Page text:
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interferes with the organization of the National Militia. That Constitution provides for organizing, arming, and disciplining the militia, and gives Congress full power over the subject, in which particular, be it observed, it is clearly distinguishable from that of fugitive slaves, over whom no such power is given. To be more explicit, I will read the clause. It is found in the long list of enumerated powers of Congress, and is as follows: "The Congress shall have power to provide for organizing, arming, and disciplining the militia, and for governing such part of them as may be employed in the service of the United States, reserving to the States respectively the appointment of the officers, and the authority of training the militia according to the discipline prescribed by Congress." And then, at the close of the section, it is further declared, that Congress shall have power "to make all laws which shall be necessary and proper for carrying into execution the foregoing powers."

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In pursuance of this power, Congress has proceeded, by various laws, "to provide for organizing, arming, and disciplining the militia, and for governing such part of them as may be employed in the service of the United States." The earliest of these laws, still in force, is entitled "An act more effectually to provide for the national defence, by establishing an uniform militia throughout the United States." This was followed by several acts in addition. Congress, then, has undertaken to exercise the power of " organizing" the militia under the Constitution.

Here the question arises, to what extent, if any, this power, when already exercised by Congress, is exclusive 1 Act of May 8, 1792, ch. 33.

in character. Among the powers delegated to Congress there may be some not for the time being exercised. For instance, there is the power "to fix the standard of weights and measures." Practically, this has never been exercised by Congress; but it is left to each State within its own jurisdiction. On the other hand, there is a power, belonging to the same group, "to establish uniforin laws on the subject of bankruptcies throughout the United States," which, when exercised by Congress, has been held so far exclusive as to avoid at once all the bankrupt and insolvent laws of the several States.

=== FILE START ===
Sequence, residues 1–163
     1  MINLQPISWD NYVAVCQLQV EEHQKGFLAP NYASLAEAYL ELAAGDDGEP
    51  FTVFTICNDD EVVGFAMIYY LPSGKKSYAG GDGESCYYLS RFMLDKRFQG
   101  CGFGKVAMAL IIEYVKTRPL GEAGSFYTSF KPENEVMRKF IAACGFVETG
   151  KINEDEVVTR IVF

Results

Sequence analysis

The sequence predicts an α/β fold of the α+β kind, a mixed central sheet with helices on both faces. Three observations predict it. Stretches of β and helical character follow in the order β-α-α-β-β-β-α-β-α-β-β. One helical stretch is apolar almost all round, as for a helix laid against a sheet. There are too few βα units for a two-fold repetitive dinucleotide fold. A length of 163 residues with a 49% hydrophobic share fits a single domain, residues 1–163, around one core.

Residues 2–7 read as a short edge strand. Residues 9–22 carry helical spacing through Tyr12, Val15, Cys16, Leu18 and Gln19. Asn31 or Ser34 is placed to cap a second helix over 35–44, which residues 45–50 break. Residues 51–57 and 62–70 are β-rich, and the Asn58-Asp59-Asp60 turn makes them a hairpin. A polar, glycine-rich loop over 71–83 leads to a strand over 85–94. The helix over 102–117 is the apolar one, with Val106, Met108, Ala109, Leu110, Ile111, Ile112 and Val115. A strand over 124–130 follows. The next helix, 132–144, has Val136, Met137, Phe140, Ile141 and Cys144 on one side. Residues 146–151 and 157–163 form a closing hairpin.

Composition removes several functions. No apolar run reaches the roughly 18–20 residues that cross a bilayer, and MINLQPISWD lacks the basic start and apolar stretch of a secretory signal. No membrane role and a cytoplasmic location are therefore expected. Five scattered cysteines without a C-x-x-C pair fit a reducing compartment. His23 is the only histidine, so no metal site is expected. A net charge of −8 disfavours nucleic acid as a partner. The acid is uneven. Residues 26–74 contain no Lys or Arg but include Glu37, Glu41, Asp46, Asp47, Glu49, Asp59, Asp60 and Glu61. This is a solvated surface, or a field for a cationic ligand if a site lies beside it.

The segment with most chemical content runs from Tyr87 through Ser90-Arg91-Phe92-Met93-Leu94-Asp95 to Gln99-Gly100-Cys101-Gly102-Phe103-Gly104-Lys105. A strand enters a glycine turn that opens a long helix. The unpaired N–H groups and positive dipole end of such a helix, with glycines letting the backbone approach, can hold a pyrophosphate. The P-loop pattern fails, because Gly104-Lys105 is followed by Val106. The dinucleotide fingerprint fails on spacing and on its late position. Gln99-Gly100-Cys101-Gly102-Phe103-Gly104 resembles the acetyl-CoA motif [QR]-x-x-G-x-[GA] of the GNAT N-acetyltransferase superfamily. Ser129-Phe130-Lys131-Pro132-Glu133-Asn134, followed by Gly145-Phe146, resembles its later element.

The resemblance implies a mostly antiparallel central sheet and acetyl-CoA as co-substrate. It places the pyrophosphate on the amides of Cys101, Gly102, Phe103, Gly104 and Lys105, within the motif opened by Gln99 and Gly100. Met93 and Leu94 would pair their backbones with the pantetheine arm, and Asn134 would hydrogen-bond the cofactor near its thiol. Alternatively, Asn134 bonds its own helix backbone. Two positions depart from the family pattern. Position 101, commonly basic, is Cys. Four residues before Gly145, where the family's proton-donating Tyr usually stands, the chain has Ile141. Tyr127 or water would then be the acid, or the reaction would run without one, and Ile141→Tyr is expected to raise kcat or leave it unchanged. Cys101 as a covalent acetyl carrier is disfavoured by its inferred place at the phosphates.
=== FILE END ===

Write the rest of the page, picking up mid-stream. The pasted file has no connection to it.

I might go over all the powers of Congress, and find constant illustration of the subject. For instance, there is the power "to establish an uniform rule of naturalization," on which Chief Justice Marshall once remarked, "That the power of naturalization is exclusively in Congress does not seem to be, and certainly ought not to be, controverted."1 There is the power "to regulate commerce with foreign nations and among the several States," which was early declared by the Supreme Court to be exclusive, so as to prevent the exercise of any part of it by the States.2 There is the power over patents and copyrights, which is also regarded as exclusive. So also is the power "to define and punish piracies and felonies committed on the high seas, and offences against the Law of Nations." So also is that other power, "to establish post-offices and post-roads." All these powers, as in the case of the power over the National Militia, have been exercised by Congress, and even if not absolutely exclusive in original character, have become so by exercise.

1 Chirac v. Chirac, 2 Wheaton, 269.

2 Gibbons v. Ogden, 9 Wheaton, 198.

Now, Sir, upon what ground do gentlemen make any discrimination in the case of the power over the National Militia? I know of none which seems at all tenable. It is natural that the States should desire to exercise this power, since it was so important to them before the Union; but I do not see how any discrimination can be maintained at the present time. Whatever may have been the original importance of the militia to each State, yet, when the National Constitution was formed, and Congress exercised the power delegated to it over this subject, the militia of the several States was absorbed into one uniform body, organized, armed, and disciplined as the National Militia. To the States respectively, according to the express language of the Constitution, was left "the appointment of the officers, and the authority of training the militia according to the discipline prescribed by Congress." To this may be added the implied power of "governing" them when in the service of the State. This is all. The distinct specification of certain powers, as reserved to the States, excludes the States from the exercise of all other powers not specified or clearly implied. In other words, they are excluded from all power over the "organizing, arming, and disciplining the militia," at least after Congress has undertaken to enact laws for this purpose.